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Pavement licence: what is it and how can you apply for one?

Hospitality businesses in England are now eligible to apply for a temporary pavement licence. What are they and how can you apply?

The government has streamlined the pavement licence application process, enabling businesses to create more seating space outside far more quickly and far more cheaply than previously. 

By cutting the processing time to five days and lowering the fee to a maximum of £100, the government is encouraging businesses to increase the number of covers they can take while maintaining social distancing. 

The government hopes this initiative will help to save jobs and enable businesses to increase their profits during the summer months. 

This came as England’s Chief Medical Officer Chris Whitty commented that the economy has opened up as much as it can without there being a surge of coronavirus infections. 

This means that come September, it’s likely there could be a ‘trade-off’ between schools and the hospitality sector, meaning more restrictions could be on their way for cafe, pub, and restaurant owners.

If the government does decide to restrict hospitality businesses to outside seating areas only, a pavement licence will allow businesses owners to place tables, chairs, and even pop-up bars outside of their premises. 

Better still, if the local council doesn’t process your application within five days, automatic permission is granted. And once you have permission, you’ll be able to use the pavement outside of your premises up until the 30th September 2021.



What is a pavement licence?

A pavement licence is a permit that allows you to host customers on the pavement adjacent to your premises or in an area close to your business that is deemed suitable by your local council. 

The pavement licence strictly refers to the placement of movable furniture, as all furniture must be placed inside the premises outside of business hours.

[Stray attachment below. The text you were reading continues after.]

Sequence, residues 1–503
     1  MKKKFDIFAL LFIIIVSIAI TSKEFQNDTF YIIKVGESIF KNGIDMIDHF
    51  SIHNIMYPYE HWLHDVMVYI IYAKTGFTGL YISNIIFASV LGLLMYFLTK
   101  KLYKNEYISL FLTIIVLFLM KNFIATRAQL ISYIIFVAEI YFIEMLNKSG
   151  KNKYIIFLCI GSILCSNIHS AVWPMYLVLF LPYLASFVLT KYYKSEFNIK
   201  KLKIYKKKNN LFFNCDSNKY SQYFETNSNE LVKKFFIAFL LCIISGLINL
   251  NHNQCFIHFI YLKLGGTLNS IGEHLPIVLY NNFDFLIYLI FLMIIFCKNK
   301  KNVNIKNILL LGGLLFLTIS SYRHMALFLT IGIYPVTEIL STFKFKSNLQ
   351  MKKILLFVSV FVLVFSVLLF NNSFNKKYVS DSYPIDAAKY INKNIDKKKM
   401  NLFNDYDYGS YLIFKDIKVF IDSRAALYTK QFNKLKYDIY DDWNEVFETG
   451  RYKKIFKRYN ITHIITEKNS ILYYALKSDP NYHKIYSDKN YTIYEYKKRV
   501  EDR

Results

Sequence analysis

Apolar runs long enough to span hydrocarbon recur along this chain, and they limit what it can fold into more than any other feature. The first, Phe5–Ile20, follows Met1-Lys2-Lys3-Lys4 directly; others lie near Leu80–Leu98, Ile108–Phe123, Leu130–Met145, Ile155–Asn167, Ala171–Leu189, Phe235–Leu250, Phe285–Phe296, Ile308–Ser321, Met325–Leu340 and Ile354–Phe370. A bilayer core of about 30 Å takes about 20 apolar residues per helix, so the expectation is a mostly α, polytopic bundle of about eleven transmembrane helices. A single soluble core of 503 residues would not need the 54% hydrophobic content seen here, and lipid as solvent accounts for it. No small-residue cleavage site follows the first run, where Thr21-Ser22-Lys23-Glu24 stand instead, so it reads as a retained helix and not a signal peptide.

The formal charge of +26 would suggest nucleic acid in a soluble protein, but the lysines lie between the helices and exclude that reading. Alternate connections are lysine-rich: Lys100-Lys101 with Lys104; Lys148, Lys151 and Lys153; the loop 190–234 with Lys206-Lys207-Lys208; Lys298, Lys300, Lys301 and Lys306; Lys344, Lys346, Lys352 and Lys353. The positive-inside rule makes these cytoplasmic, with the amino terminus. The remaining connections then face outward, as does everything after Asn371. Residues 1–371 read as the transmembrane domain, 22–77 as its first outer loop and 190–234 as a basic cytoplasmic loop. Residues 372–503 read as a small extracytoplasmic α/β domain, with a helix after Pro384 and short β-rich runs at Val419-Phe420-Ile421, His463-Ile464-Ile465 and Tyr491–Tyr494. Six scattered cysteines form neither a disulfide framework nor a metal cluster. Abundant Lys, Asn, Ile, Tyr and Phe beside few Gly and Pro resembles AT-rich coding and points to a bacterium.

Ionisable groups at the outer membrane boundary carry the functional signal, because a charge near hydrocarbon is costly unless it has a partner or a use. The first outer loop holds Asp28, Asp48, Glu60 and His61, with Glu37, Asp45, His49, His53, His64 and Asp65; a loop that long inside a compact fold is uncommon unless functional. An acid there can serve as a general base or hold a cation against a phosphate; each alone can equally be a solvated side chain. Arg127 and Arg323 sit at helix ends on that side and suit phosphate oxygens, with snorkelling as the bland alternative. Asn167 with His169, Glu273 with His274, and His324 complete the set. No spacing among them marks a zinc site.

All pavement licences are issued by your local council, therefore the terms and conditions and application process for each region may differ slightly.


Who can apply for a pavement licence?

The pavement licence applies to any business that uses premises to sell food and drink, including:

  • Pubs
  • Cafes
  • Bars
  • Restaurants
  • Sandwich shops
  • Coffee shops
  • Ice cream parlours

How to apply for a pavement licence

You can apply for a pavement licence through your local council website. As part of your application, you’ll be expected to draw a sketch of the proposed outside area.

You’ll then need to provide details on the dimensions of the area you’re looking to occupy, the hours you’re looking to occupy it, and the maximum number of people you’re looking to seat. 

Councils will ask you to put a notice up outside of your premises that clearly displays that you’re applying for a pavement licence and the details of your proposal. 

This’ll allow any neighbouring businesses or pavement users to express any concerns that they have about your application. 


What are the terms and conditions of a pavement licence?

  • You must own a business that is classified as selling food and/or drink
  • Licences will only be granted for outside areas that allow a two metre gap between the seating area and the road (in special circumstances this can reduce to 1.5 metres)
  • Your local council has the authority to specify the length of the licence if they get back to you within the five working days limit. The minimum licence period they can grant is three months
  • If they don’t get back to you within five working days, you can assume permission has been granted for a full year. The council does have right to revoke a licence if your proposal is unsuitable
  • You should be prepared to provide additional evidence on anything related to your proposal, including location data and references to the furniture you intend to use

Full details of the pavement licencing initiative can be found here.


Aimee Bradshaw
Aimee Bradshaw

Writer and researcher

Aimee recently joined Startups as resident expert in business tech, products, and services. Having ran her own egg delivery business from the age of 12, she is an advocate of self starters and small businesses.